Animal products may contain saturated fat, trans fat, and cholesterol, hormones, organochlorine pesticides, excessive copper, arachidonic acid (especially in chicken and eggs–see here and here), and AGEs. Consumption of animal products may raise cholesterol levels and increase the risk of gallstones, obesity (possibly chicken in particular—see here and here), neurological diseases (again linked to poultry exposure), diabetes, rheumatoid arthritis, apthous ulcers, cataracts, and even urinary tract infections, but probably not osteoporosis. This is also why obtaining vitamin B12 from supplements or fortified foods is a healthier choice.
Animal product consumption may also promote the growth of certain cancers, such as pancreatic cancer, prostate cancer, lymphoma, and multiple myeloma. (Videos here and here cover breast cancer growth promotion and here and here cover breast cancer survival).
The recent trend of premature puberty onset in children may be partially attributed to animal proteins, particularly those found in dairy. Consuming soy, however, appears to promote more normal development, one reason why plant sources of protein are preferable—even when part of a high protein low carb diet.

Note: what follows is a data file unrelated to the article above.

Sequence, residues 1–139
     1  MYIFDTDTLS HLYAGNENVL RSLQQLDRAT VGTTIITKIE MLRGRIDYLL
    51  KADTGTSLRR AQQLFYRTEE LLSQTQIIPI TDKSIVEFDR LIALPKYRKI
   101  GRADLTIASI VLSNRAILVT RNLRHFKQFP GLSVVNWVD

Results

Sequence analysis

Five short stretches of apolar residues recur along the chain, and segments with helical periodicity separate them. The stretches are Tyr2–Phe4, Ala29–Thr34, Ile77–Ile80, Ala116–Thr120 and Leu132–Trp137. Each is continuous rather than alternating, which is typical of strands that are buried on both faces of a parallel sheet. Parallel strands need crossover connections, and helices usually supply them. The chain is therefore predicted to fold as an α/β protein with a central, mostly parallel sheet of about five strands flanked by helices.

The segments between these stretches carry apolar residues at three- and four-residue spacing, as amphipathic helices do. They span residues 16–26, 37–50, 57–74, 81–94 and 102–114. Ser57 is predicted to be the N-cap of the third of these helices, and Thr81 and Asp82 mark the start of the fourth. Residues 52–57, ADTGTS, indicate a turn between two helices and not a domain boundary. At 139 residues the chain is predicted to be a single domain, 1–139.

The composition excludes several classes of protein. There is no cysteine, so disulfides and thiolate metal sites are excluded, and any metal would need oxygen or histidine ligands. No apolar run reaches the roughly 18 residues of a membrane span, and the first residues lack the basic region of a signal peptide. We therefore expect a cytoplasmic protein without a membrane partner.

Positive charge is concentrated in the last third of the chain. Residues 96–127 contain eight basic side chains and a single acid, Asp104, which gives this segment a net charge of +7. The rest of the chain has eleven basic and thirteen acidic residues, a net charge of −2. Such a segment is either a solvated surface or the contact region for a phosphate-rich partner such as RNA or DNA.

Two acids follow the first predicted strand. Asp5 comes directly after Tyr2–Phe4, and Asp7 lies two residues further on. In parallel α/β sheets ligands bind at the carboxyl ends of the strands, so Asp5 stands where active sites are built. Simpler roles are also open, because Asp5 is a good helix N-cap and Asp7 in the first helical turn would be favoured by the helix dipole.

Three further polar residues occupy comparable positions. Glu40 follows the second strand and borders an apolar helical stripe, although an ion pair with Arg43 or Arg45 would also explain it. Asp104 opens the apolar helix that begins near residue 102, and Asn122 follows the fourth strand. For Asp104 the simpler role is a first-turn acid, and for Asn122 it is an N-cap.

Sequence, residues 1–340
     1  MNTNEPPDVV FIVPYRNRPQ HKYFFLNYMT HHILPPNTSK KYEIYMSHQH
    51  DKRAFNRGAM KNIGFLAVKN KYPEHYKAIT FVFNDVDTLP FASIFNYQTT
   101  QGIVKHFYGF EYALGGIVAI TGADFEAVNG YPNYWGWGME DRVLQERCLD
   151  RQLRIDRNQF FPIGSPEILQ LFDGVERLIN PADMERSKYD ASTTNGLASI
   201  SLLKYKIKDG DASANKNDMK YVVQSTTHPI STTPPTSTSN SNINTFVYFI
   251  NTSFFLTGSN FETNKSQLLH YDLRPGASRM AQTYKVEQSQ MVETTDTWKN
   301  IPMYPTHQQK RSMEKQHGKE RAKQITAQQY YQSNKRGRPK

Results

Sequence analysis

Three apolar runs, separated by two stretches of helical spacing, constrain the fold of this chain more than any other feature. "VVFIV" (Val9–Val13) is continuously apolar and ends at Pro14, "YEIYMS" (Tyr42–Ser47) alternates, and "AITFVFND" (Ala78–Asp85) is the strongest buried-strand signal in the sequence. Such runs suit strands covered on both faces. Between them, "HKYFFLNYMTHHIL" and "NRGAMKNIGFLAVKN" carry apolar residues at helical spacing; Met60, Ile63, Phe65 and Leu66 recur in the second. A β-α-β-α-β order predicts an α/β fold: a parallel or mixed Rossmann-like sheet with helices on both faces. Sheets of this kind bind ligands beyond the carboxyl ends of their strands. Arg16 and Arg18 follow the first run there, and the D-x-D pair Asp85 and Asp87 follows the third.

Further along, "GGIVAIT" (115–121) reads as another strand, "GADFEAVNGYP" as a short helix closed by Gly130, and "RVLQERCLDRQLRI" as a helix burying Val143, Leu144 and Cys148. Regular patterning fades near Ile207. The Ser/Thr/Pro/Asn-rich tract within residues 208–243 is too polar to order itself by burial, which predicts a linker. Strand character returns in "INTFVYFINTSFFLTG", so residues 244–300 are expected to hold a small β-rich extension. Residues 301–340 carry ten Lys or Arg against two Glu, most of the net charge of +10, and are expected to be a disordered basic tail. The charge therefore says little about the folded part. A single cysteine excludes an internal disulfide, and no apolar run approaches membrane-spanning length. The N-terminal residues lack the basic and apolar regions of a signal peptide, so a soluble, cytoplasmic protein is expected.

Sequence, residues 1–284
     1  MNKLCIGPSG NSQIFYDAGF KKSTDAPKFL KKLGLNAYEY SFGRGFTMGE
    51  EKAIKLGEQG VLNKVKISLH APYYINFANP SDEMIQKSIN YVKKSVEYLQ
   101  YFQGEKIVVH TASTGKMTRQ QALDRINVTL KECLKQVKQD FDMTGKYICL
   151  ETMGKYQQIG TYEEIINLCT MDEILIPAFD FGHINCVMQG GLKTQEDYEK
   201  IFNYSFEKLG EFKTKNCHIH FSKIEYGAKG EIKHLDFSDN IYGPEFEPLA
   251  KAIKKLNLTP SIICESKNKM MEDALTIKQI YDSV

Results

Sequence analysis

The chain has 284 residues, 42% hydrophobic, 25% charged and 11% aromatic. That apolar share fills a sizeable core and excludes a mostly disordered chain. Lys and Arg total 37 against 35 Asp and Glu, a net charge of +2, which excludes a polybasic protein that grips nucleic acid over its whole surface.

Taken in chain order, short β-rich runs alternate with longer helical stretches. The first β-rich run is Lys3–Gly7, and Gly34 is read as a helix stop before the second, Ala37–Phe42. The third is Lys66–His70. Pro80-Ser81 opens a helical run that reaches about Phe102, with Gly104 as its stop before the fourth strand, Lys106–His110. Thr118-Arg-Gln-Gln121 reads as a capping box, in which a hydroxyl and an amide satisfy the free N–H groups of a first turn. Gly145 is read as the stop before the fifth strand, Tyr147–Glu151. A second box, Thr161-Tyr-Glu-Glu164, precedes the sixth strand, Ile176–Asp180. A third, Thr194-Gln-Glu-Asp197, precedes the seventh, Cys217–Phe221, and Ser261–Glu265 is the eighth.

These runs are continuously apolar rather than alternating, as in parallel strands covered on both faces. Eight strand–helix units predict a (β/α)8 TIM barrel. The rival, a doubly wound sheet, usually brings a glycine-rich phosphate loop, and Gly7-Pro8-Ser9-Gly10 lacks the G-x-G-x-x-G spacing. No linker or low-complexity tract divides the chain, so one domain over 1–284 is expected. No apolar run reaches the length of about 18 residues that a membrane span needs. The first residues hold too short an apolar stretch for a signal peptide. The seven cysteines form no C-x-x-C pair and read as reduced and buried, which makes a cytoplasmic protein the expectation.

“Pink slime” ground beef can be processed with ammonia and arsenic; it can also be found in both chicken and fish. Fish products are particularly contaminated with industrial pollutants and can contain pharmaceutical drug residues, PCBs, dioxins, and mercury. Food safety risks include: the toxic superbugs MRSA and Clostridium difficile, the Anisakis parasitic worm present in as many as two-thirds of retail fish fillets, and fecal food poisoning bacteria that can be found at an even greater prevalence in retail samples.
Switching to a more affordable plant-based diet may increase our antioxidant intake, help control weight, slow the growth of cancer, and even improve our mood (perhaps due to brain inflammation from arachidonic acid found in meat). The USDA’s mission is to promote agribusiness, and as such public recommendations to limit animal products are often communicated in code. Nutrition labels also tend to short-change plant foods.
Topic summary contributed by Peter Huntley
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